What Does Chad Johnson's Release Mean for the Miami Dolphins Going Forward?

Scott AltmanCorrespondent IAugust 13, 2012

Aug. 4, 2012;  Miami, FL, USA; Miami Dolphins wide receiver Chad Johnson (85) during a scrimmage at Sun Life Stadium. Mandatory Credit: Steve Mitchell-US PRESSWIRE
Steve Mitchell-US PRESSWIRE

The Miami Dolphins released Chad Johnson because they don't need another headache.

They just traded one to the Chicago Bears, remember?

And if these disturbing details of Brandon Marshall's stint with the Dolphins are true, then you can't blame the 'Phins for washing their hands of Johnson without hesitation.

Joe Philbin didn't have a choice anyway. He would've looked awfully hypocritical for keeping Johnson around months after he traded Marshall in order to avoid this exact situation.

But whether or not you agree with the Dolphins' decision, it's time to move on.

Next man up.

Johnson's departure creates a void at wide receiver, and there's no doubt it downgrades the passing attack. Chad might've struggled with drops, but the Dolphins aren't going to find a wideout with a fraction of his talent on the free-agency market.

They can poke around free agents such as Lee Evans, Patrick Crayton, Mark Clayton and Anthony Gonzalez, but none will provide much of an upgrade over what's already on the roster.

And Plaxico Burress?

Not a chance.

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Even if he's still a viable NFL wideout at age 35, there's no way the Dolphins will sign another player with a checkered past.

No way.

Plus, there's a reason Burress is still a free agent. He had a workout with the Patriots, and the Cowboys and Steelers are reportedly "keeping tabs" on him. If any of these teams—who boast some of the league's best front offices—believed Burress still offered topflight talent, then one of them would've signed him by now. 

Rather than go fishing for castoffs, the Dolphins will stick with what they have, and that's not necessarily a bad thing.

Roberto Wallace and Julius Pruitt strutted their stuff in Miami's preseason debut on Friday night, reeling in a combined 10 receptions for 123 yards. Now, these unheralded sleepers have a golden opportunity to secure roster spots and a substantial role in the offensive game plan.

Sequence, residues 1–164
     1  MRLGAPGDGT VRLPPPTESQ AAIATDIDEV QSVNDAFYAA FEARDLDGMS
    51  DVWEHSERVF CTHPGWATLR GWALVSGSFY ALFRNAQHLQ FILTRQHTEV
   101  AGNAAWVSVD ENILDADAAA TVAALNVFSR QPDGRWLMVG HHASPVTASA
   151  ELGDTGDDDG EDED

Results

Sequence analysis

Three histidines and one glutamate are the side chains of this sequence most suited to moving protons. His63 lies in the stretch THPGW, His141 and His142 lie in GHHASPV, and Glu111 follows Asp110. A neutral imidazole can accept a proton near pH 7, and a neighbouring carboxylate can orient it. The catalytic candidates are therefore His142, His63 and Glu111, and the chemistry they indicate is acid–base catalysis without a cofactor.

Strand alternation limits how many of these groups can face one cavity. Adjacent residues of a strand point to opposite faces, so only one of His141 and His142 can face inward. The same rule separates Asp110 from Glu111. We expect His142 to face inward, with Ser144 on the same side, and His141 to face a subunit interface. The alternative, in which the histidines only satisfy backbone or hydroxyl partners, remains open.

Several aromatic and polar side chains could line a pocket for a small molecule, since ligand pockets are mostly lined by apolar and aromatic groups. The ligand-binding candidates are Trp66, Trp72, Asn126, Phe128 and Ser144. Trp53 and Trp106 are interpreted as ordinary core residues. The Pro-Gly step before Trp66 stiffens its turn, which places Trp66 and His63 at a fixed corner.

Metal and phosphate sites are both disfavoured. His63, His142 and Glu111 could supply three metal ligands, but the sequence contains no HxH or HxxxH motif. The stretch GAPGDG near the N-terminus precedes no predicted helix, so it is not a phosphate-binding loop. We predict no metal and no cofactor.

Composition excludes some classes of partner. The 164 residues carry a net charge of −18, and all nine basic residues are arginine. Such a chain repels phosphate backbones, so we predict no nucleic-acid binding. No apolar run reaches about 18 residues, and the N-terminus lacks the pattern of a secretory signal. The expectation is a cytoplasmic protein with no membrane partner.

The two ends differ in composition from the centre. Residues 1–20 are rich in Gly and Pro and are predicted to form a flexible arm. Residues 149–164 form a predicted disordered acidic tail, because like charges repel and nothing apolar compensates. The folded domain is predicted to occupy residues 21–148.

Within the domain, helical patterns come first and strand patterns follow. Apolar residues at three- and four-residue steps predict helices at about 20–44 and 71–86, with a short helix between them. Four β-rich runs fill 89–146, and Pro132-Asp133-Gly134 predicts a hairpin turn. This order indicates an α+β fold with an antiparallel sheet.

Both Clyde Gates and Marlon Moore offer home-run speed, but they've been on the outside looking in all offseason long. Although they're still planted firmly on the roster bubble, the Dolphins could use a vertical threat on the 53-man roster, and this additional spot opens the door for one of them to jump in.

The Dolphins could instead opt to keep a return specialist such as Rishard Matthews or Marcus Thigpen. Thigpen is an intriguing CFL import who missed Friday's game with a leg injury, but Matthews broke off a 45-yard kick return in his absence.

If Matthews continues showing flashes as a returner, then he can inherit Johnson's vacated roster spot over Gates, Moore and Thigpen.

But the main beneficiaries of Johnson's release are Legedu Naanee and Brian Hartline, two players with huge upside and something to prove. Naanee is quickly solidifying himself as a starter after five mediocre NFL seasons, and though Hartline has been sidelined by injuries all offseason, his intelligence, route discipline and speed make him a perfect fit for the West Coast offense.

In the long term, Johnson's release could be a blessing in disguise, but it's definitely not a blessing for Miami's immediate outlook.

Even with Johnson on board and David Garrard under center, the Dolphins projected as an eight- or nine-win team, at best.

Now, Johnson is a goner and Garrard is sidelined for two to four weeks following knee surgery—and he's allegedly struggling to master the playbook.

Before the weekend, these two established veterans figured to form Miami's offensive nucleus in 2012. Instead, the 'Phins may enter Week 1 with an untested core of players including Ryan Tannehill, Roberto Wallace and Charles Clay carrying the passing game.

Johnson's release is untimely, and it's hugely disappointing, but his departure serves as a reminder that the Dolphins are rebuilding, despite their refusal to use the "R" word. It also serves as a reminder of how thin this roster is and how far Miami has to go before it can compete with the NFL's finest.

But the most important takeaway from this ordeal is Joe Philbin's stance against off-the-field mishaps. He hardly wavered before cutting arguably the most talented wide receiver on his team, sending a stern message to his players and those who play for the 'Phins in the future.

 

There is no doubt some Dolphins players are upset Chad Johnson was cut. But those same players now know not to mess with Joe Philbin.

— Armando Salguero (@ArmandoSalguero) August 13, 2012

 

Philbin is molding a no-nonsense, team-first culture in Miami, and it's a refreshing sight.

Rather than put up with a headache-inducing diva, Philbin and his coaching staff can concentrate their efforts on fostering their young talent. And who knows, maybe the next Chad Johnson is already on the roster.

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